Various modifications and additions can be made to the exemplary embodiments discussed without departing from the scope of the present invention. For example, while the embodiments described above refer to particular features, the scope of this invention also includes embodiments having different combinations of features and embodiments that do not include all of the described features. Accordingly, the scope of the present invention is intended to embrace all such alternatives, modifications, and variations as fall within the scope of the claims, together with all equivalents thereof.

Claims (19)

1. A medical electrical lead comprising:
an elongate lead body having a proximal end, a distal end, an outer surface, and an inner surface, the body being made from an electrically insulative material and dimensioned such that the distal end can be implanted in a coronary sinus or coronary vein;
an inflatable member disposed on the outer surface of the body between the proximal and distal ends, the inflatable member adapted to assume a deflated state and an inflated state in which the inflatable member is adapted to impart a radial force on and frictionally engage a surface of the coronary sinus or coronary vein for fixation of the distal end therein, the inflatable member including a resilient membrane attached to and extending partially circumferentially around a portion of the lead body;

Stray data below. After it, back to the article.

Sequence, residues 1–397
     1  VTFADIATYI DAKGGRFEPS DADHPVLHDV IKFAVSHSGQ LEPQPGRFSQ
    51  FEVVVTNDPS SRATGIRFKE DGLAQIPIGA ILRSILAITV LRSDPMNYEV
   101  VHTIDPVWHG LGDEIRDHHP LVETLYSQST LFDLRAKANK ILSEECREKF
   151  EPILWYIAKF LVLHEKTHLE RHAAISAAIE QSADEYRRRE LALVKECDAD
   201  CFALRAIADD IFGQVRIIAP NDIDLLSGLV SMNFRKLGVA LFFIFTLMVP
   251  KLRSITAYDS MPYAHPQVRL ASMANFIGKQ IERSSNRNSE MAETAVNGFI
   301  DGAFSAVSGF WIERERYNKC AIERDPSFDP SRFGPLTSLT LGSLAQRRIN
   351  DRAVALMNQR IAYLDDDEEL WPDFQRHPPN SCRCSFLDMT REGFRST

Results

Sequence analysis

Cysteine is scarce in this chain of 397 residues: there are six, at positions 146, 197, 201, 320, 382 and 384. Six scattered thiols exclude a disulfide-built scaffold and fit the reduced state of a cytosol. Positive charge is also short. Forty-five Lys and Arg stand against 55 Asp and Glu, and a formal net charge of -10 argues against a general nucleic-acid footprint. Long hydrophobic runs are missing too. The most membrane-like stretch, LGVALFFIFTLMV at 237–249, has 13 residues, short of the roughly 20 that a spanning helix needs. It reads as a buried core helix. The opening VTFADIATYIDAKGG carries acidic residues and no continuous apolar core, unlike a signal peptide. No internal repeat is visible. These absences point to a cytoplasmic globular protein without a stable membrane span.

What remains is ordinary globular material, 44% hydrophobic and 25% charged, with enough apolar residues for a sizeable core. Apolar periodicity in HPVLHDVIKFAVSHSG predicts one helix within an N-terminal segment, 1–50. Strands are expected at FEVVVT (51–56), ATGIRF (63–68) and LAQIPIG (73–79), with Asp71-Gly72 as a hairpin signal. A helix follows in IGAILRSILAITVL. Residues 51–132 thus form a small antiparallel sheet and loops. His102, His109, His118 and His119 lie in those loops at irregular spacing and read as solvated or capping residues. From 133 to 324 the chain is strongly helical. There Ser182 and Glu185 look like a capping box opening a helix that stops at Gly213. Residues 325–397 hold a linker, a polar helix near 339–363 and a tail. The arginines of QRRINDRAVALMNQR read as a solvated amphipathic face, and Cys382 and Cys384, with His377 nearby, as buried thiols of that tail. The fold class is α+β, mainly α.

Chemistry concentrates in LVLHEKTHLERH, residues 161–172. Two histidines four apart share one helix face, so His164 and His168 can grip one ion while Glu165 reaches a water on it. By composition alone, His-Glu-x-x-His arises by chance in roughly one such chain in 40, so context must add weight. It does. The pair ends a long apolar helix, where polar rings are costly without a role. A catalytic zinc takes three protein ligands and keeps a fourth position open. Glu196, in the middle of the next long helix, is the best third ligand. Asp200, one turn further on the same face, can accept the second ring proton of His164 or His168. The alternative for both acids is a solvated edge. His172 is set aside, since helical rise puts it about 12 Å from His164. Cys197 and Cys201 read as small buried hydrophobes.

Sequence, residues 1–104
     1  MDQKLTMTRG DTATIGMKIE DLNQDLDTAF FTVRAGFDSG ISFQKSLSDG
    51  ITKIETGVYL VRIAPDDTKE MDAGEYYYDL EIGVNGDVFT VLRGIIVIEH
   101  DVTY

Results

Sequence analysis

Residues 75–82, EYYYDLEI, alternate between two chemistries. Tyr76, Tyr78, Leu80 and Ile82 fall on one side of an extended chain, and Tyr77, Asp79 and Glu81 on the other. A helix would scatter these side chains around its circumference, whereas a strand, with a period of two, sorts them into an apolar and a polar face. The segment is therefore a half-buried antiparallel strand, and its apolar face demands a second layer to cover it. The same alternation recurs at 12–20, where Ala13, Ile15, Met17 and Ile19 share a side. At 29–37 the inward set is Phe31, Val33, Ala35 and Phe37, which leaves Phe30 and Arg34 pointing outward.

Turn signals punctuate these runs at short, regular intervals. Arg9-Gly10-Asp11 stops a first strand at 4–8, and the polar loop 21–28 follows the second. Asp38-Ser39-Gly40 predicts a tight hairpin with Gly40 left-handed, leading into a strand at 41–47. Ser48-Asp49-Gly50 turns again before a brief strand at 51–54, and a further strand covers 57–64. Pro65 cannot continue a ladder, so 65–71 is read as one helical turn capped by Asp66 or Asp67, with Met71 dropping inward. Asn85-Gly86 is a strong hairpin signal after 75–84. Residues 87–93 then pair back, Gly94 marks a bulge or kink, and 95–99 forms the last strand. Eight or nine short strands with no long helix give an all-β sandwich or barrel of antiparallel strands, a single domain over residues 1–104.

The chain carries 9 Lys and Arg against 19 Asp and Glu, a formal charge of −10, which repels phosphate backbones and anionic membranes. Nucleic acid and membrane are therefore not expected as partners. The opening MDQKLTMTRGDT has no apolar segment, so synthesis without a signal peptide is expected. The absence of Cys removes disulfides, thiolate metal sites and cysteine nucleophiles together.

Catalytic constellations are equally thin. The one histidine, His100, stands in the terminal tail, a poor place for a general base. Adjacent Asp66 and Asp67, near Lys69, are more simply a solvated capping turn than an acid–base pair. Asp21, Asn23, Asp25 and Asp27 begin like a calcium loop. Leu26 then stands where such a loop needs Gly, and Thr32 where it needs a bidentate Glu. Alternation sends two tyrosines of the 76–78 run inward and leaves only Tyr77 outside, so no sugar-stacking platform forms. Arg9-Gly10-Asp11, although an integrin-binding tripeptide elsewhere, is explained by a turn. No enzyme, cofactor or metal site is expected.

a conductive member extending from at least the proximal end toward the distal end of the body;
an inner insulating layer disposed between the conductive member and the inner surface of the body and extending from the proximal end toward the distal end;
an inflation lumen between the inner insulating layer and the inner surface of the body in fluid communication with the inflatable member; and
an electrode on the body electrically coupled to the conductive member.
2. The lead of claim 1 wherein the resilient membrane extends from about 90 degrees to about 270 degrees around the portion of the lead body, and wherein in the inflated state the inflatable member is adapted to bias the electrode toward the surface of the coronary sinus or coronary vein.